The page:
Sherman

Sherman

[shur-muhn]
noun
1.
Forrest Percival, 1896–1951, U.S. naval officer.
2.
James Schoolcraft [skool-kraft, -krahft] , 1855–1912, vice president of the U.S. 1909–12.
3.
John, 1823–1900, U.S. statesman (brother of William T.).
4.
Roger, 1721–93, American statesman.
5.
Stuart Pratt, 1881–1926, U.S. critic and educator.
6.
William Tecumseh, 1820–91, Union general in the Civil War.
7.
a city in NE Texas.
8.
a mountain in central Colorado, in the Park Range, in the Rocky Mountains. 14,036 feet (4278 meters).
9.
a male given name.
10.
U.S. Military. a 34-ton medium tank of World War II, with a 75mm gun and a crew of four.
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Based on the Random House Dictionary, © Random House, Inc. 2014.
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Collins
World English Dictionary
Sherman (ˈʃɜːmən)
 
n
William Tecumseh (tɪˈkʌmsə). 1820--91, American Union commander during the Civil War. He led the victorious march through Georgia (1864), becoming commander of the army in 1869

Collins English Dictionary - Complete & Unabridged 10th Edition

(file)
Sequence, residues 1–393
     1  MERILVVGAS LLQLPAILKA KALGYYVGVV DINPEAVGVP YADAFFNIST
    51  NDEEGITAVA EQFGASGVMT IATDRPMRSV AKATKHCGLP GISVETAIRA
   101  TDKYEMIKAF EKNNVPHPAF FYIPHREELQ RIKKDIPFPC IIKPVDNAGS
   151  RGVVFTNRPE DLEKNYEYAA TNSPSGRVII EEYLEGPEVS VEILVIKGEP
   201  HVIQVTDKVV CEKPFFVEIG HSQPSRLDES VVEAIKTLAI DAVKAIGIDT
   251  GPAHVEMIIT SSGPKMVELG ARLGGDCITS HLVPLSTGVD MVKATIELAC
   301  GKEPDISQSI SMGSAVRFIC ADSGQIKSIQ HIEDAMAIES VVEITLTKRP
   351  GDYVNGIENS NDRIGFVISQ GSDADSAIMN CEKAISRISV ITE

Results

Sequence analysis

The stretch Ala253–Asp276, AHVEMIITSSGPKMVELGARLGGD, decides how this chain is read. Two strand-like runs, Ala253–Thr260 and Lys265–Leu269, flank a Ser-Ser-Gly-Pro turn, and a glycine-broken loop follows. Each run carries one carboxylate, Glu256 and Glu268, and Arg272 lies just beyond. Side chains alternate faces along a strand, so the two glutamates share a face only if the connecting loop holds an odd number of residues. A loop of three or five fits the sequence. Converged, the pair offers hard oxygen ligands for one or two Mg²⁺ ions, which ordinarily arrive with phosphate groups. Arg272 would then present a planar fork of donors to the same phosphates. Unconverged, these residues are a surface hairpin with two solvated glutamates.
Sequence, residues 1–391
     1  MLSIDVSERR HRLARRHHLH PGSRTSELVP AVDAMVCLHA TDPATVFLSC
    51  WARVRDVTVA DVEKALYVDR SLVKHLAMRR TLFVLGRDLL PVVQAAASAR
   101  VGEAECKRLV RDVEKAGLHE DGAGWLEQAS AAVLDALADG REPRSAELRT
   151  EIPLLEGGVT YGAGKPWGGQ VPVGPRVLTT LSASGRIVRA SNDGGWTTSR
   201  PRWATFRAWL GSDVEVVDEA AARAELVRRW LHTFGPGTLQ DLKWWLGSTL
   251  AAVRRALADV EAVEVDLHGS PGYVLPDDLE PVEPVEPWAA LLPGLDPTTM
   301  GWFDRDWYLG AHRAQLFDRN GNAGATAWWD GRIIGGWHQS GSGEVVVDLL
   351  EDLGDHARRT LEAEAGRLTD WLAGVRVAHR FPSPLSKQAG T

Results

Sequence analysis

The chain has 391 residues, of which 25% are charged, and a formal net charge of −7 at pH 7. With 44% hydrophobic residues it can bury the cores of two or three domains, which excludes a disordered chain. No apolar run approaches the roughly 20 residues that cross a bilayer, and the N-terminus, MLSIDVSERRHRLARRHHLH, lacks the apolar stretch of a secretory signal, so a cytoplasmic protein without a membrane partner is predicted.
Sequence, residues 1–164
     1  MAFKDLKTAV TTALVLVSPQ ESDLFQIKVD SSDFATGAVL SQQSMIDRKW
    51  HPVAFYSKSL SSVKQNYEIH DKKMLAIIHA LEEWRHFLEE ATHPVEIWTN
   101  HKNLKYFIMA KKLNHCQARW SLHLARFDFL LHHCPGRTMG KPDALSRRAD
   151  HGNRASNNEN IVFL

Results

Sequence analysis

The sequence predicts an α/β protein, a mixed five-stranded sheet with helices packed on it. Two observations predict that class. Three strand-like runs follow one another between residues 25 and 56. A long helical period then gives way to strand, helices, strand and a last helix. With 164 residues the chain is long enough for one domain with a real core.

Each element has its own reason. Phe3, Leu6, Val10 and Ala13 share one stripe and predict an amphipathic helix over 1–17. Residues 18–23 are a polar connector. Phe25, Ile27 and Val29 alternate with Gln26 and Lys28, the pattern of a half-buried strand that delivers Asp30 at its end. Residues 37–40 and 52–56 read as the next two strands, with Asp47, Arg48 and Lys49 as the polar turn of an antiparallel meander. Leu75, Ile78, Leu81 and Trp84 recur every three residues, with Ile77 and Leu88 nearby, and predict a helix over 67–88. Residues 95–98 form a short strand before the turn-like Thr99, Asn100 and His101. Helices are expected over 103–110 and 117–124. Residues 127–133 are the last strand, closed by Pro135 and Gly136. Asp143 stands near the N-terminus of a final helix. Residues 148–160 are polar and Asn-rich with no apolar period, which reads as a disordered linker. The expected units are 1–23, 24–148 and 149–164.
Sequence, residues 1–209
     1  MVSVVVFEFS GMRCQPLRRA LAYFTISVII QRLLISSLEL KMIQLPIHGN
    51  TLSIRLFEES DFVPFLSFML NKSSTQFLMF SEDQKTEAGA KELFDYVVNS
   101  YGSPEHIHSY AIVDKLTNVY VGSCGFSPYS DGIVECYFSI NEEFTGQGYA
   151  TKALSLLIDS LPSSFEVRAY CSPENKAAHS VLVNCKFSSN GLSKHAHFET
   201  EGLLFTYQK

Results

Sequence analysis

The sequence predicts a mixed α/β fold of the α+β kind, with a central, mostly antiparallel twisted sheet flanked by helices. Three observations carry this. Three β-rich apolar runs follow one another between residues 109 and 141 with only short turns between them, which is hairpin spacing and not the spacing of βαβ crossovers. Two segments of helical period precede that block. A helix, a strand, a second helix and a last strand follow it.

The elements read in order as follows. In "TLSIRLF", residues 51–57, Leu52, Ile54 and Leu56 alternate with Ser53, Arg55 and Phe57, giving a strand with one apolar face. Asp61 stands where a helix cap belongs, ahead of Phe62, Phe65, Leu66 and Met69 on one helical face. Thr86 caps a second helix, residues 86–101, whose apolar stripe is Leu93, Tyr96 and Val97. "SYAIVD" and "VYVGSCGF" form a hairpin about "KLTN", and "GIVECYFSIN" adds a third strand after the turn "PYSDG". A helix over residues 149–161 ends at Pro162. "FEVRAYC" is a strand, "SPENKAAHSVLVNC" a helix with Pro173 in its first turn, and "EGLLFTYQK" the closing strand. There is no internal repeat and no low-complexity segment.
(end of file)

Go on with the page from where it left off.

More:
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Etymonline
Word Origin & History

Sherman
type of U.S. medium tank used in World War II, 1942, named for U.S. Civil War Gen. William T. Sherman (1820-91). The surname is from O.E. scearra "shears" + mann "man;" hence "shearer of woolen garments."
Online Etymology Dictionary, © 2010 Douglas Harper
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Encyclopedia Britannica
Encyclopedia

sherman

city, seat (1846) of Grayson county, northern Texas, U.S. It lies on a watershed split between the Red and Trinity rivers, near Lake Texoma and Denison. Founded in the 1840s, it was named for General Sidney Sherman, a cavalry officer during the Texas Revolution and an early railroad promoter. Lying along the Butterfield Trail, it became a rendezvous for cattle drovers, buffalo hunters, and farmers. The railroads arrived in the 1870s. In 1876 Austin College (Presbyterian, founded 1849) was moved to the city from Huntsville

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Encyclopedia Britannica, 2008. Encyclopedia Britannica Online.
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